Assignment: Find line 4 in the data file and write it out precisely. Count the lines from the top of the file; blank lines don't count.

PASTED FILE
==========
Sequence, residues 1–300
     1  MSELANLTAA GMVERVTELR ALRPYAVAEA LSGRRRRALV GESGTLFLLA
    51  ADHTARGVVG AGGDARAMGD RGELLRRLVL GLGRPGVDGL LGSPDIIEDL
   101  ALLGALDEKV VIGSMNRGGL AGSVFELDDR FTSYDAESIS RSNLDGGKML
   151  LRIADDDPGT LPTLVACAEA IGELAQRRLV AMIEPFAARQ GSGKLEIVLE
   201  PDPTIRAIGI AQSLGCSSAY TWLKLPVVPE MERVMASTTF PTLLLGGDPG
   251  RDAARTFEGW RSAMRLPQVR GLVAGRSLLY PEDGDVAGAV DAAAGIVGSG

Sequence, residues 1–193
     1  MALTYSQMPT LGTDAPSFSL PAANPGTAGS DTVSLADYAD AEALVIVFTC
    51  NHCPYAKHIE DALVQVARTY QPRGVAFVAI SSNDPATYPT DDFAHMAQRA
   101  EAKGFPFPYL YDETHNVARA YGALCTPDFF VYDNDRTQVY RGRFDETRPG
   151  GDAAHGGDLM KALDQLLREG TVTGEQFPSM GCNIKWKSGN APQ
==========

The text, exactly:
   101  ALLGALDEKV VIGSMNRGGL AGSVFELDDR FTSYDAESIS RSNLDGGKML